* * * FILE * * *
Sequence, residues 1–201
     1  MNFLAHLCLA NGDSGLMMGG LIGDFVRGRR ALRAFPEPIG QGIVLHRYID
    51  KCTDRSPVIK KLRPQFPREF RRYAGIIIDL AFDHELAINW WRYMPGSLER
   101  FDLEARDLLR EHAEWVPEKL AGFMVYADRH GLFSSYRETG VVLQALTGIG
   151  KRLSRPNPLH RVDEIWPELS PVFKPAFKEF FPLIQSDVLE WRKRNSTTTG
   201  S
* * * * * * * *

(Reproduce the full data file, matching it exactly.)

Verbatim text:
Sequence, residues 1–201
     1  MNFLAHLCLA NGDSGLMMGG LIGDFVRGRR ALRAFPEPIG QGIVLHRYID
    51  KCTDRSPVIK KLRPQFPREF RRYAGIIIDL AFDHELAINW WRYMPGSLER
   101  FDLEARDLLR EHAEWVPEKL AGFMVYADRH GLFSSYRETG VVLQALTGIG
   151  KRLSRPNPLH RVDEIWPELS PVFKPAFKEF FPLIQSDVLE WRKRNSTTTG
   201  S